o Put one on each desk/seat. Students rotate around the room and try each one. I numbered the cards and am including a little sheet that they can complete to indicate which ones they liked the most/thought were helpful (both for self-awareness and for you to know which to
do again)

 

mindful moments activitiesmindful moments activitiesmindful moments activities

      MindYeti
This is a free website with some audio tracks (3 to 5 minutes long) that guide students through some mindfulness practices. It requires a login so I went ahead and made you an account:

o I recommend:

      • The “Welcome!” video – this introduces the idea that sometimes our brains get full
        of “the Hubbub” and then we don’t work and feel as well, but that there’s things we can do to “settle the Hubbub”. This helps students understand the reason behind mindfulness exercises and can provide language for you to use.
      • “Hello, Breath”
      • “Slow Breathing 1”
      • “Hello, Body”

 

          You can do a series of Morning Meeting activities about being mindful with each of the senses:

o Taste:
Give each student a piece of chocolate, have them eat it but SLOWLY (give them a minimum time) while thinking about how it tastes and feels. After, have them brainstorm as many words as possible to describe the experience.

o Sound:
1) Have students close their eyes and ring the chime. Have students raise their hands when they can no longer hear it. 2) Have students sit silently for two minutes with your classroom door open. Discuss all the different sounds they heard OR 1) Have students close their eyes while you make a few different sounds, one at a time (tap a pencil, crumple paper, shake coins, shuffle cards, cut paper, etc.). After teach, ask students to open their eyes and write down what they thought it was. 2) Reveal what each of the sounds was. 3) Repeat this activity over a few days with different sounds to see if they are able to improve their mindful listening OR Have students close their eyes and tap one to open their eyes and read a sentence you give them. Everyone opens their eyes and then guesses who the speaker was. They have to be mindful in regards to the voice itself but also where in the room it was coming from.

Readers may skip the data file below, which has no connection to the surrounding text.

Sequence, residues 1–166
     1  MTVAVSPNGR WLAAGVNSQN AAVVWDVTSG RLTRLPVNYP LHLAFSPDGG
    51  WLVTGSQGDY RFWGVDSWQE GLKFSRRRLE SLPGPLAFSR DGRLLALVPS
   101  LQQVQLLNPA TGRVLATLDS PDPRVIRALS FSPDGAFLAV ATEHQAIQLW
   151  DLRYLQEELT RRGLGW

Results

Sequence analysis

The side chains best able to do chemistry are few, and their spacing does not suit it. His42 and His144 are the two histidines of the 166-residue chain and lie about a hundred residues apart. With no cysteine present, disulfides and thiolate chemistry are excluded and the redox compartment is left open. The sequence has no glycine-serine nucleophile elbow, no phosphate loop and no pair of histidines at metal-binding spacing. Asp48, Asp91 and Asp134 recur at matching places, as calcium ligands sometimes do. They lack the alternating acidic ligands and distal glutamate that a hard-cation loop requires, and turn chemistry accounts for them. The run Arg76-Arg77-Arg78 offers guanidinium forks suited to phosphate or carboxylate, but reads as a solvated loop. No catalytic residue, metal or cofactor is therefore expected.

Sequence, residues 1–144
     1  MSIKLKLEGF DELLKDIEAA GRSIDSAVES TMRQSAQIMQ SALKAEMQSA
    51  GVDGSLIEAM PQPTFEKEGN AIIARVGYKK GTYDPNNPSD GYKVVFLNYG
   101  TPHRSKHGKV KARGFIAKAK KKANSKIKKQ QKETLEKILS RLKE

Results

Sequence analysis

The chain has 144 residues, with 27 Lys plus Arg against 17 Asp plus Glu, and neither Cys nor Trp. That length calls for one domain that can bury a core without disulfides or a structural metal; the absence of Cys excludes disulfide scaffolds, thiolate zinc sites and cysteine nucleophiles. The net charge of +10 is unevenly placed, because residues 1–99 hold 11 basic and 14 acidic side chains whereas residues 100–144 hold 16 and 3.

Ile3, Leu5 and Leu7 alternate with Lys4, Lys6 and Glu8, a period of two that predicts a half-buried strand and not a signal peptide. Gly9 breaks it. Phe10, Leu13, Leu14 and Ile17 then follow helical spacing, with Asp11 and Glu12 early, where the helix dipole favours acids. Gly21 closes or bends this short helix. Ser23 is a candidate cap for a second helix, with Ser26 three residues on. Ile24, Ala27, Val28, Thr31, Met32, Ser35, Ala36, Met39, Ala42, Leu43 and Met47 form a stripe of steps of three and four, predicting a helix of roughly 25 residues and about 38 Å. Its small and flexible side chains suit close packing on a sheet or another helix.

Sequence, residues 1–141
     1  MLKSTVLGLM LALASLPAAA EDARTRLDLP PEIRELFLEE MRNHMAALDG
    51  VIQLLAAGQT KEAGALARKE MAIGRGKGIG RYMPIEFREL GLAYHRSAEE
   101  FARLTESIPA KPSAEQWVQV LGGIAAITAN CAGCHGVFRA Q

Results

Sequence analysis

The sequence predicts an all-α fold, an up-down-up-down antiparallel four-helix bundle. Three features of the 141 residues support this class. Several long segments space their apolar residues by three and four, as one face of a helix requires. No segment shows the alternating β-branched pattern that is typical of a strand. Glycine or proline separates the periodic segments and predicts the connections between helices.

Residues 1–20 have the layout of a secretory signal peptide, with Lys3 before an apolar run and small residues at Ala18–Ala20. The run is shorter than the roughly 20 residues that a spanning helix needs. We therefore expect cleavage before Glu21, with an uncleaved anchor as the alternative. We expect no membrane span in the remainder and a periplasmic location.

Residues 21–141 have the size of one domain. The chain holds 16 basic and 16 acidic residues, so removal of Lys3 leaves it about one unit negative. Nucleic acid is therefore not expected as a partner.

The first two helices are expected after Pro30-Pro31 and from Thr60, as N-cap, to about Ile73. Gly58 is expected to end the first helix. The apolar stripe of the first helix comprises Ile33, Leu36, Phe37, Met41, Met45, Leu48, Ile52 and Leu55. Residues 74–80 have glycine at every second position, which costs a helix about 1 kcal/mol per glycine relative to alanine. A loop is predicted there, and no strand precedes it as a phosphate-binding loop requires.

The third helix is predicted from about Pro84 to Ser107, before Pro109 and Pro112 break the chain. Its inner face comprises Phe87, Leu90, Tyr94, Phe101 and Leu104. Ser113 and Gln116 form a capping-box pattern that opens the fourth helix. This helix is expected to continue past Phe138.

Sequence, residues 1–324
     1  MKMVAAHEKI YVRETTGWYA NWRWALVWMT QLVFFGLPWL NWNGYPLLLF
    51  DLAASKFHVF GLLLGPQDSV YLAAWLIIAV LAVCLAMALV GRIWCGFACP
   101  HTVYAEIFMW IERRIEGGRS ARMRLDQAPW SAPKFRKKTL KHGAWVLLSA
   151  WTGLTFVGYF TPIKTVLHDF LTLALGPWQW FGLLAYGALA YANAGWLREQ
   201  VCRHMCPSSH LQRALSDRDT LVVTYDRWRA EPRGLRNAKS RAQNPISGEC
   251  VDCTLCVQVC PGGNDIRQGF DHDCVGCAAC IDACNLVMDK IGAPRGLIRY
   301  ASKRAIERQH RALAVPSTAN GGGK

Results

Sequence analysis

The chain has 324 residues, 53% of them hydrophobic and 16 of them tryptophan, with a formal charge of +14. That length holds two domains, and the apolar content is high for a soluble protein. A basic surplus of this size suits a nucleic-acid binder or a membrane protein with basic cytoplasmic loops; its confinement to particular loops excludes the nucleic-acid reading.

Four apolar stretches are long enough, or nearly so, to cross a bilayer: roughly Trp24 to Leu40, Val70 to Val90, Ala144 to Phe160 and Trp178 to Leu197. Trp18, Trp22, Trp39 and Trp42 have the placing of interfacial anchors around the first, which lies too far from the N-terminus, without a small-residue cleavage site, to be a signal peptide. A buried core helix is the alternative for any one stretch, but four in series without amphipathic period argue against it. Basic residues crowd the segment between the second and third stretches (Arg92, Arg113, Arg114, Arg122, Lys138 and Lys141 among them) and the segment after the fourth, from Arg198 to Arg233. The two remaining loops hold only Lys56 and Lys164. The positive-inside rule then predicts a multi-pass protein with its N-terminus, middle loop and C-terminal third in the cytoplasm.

o Seeing:
With the kiddos in a circle on the floor, put 10-15 objects in the center. Give students 60 seconds (of silence) to look at the objects. Then cover them with a sheet/blanket/whatever. Have the class try to recall everything that was there.